3. On PPMA the characteristics of the FN layer is apparently more determined by electrostatic interactions involving the carboxylic acid groups, leading to looser binding of molecules in a more open form, however with less overall conformational changes. We suppose that FN molecules adsorb in totally lower amounts. Less water is coupled into this FN layer, where the open form of the molecules and the electrostatic origin of their binding are thought to be the main reasons for the smaller coupled hydration shell in comparison to POMA.

Fig. 13. Schematic representation of the suggested interfacial structure of FN on hydrophilic PPMA (left) and hydrophobic POMA (right) surfaces

4. The stronger influence of electrostatic interactions on PPMA substrates leads to a weaker binding and a higher spreading potential of FN. By varying the surface coverage, FN molecules adsorb with a different degree of spreading due to the different space available. This behaviour results in a dependence of the exchange characteristics on the surface coverage with less exchange at low surface coverage.

This interpretation is based on the earlier suggested random sequential adsorption model (Evans 1993; Schaaf and Talbot 1989; Van Tassel et al. 1996) with relaxation and spreading of adsorbed proteins being dependant on the available space, and hypothetically sketched in Fig. 13. For POMA the strong interaction prevents further spreading and the HSA displacement follows a similar pattern at each surface coverage. However, on PPMA the FN molecules spread very well at low surface coverage and remain in a non-displaceable state. Above a surface coverage of approximately 100ng/cm2 the FN molecules cannot fully spread and may partially overlap, resulting in an increase of the exchange probability by the HSA molecules.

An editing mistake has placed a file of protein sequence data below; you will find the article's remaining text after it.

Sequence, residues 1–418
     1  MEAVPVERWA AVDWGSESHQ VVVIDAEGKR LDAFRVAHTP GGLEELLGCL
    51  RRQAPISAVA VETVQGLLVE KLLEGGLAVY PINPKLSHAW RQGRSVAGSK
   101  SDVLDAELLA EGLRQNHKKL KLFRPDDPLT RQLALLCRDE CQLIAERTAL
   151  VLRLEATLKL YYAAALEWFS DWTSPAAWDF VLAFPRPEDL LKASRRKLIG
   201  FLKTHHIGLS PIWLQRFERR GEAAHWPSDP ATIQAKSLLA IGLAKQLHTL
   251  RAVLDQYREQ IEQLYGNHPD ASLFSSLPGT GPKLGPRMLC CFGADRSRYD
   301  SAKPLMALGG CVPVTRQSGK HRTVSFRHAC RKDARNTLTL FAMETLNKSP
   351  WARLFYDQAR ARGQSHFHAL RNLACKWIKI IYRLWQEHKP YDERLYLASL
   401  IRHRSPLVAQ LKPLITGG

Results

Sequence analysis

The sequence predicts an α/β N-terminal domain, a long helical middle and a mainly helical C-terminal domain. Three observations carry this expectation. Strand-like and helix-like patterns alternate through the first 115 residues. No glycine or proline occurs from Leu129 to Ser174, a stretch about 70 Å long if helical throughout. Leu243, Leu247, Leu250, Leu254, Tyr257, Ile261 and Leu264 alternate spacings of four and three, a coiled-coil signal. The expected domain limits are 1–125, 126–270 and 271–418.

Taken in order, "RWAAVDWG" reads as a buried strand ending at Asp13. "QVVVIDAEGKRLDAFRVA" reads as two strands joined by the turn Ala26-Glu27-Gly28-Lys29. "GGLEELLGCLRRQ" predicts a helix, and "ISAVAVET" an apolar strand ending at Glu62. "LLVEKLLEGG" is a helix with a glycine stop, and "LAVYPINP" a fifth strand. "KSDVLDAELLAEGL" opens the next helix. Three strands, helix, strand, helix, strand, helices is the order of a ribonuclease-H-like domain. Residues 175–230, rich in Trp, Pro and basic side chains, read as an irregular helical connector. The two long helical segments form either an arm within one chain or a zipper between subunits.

The reported findings on the different states of FN on both substrates agree well with established models and reported data for protein adsorption. Norde et al. (Arai and Norde 1990a b; Norde and Favier 1992) discussed the influence of electrostatic charge and hydrophobic properties on the adsorption of various model proteins. Regarding the surface properties, FN attaches with a higher affinity to POMA by exposing the hydrophobic core of the protein towards the hydrophobic surface, which results in an increased binding strength and stronger conformational changes at the level of the secondary structure. On PPMA the electrostatic interactions may lead to a change in the tertiary structure by opening the globular form; however, less changes occur in the secondary structure due to the weaker interaction with the substrate (as compared to POMA). Importantly, the hypothesised change in the tertiary structure is supported by the obser vations of Bergkvist et al. (2003) revealing elongated FN molecules on hydrophilic surfaces and globular compact molecules on hydrophobic substrates. Studies on FN and FN-fragment adsorption onto CH3- and COOH-terminating self-assembled monolayers (Keselowsky et al. 2003; Wilson et al. 2004) found similar conformational changes in dependence on the substrate surface chemistry by binding different monoclonal antibodies and using molecular dynamic simulations.

Taken together, it is obvious that a wealth of details on the anchorage, the kind of interaction and the conformational changes of proteins at interfaces can be derived from protein heteroexchange experiments enabled by the combination of complementary analytical techniques.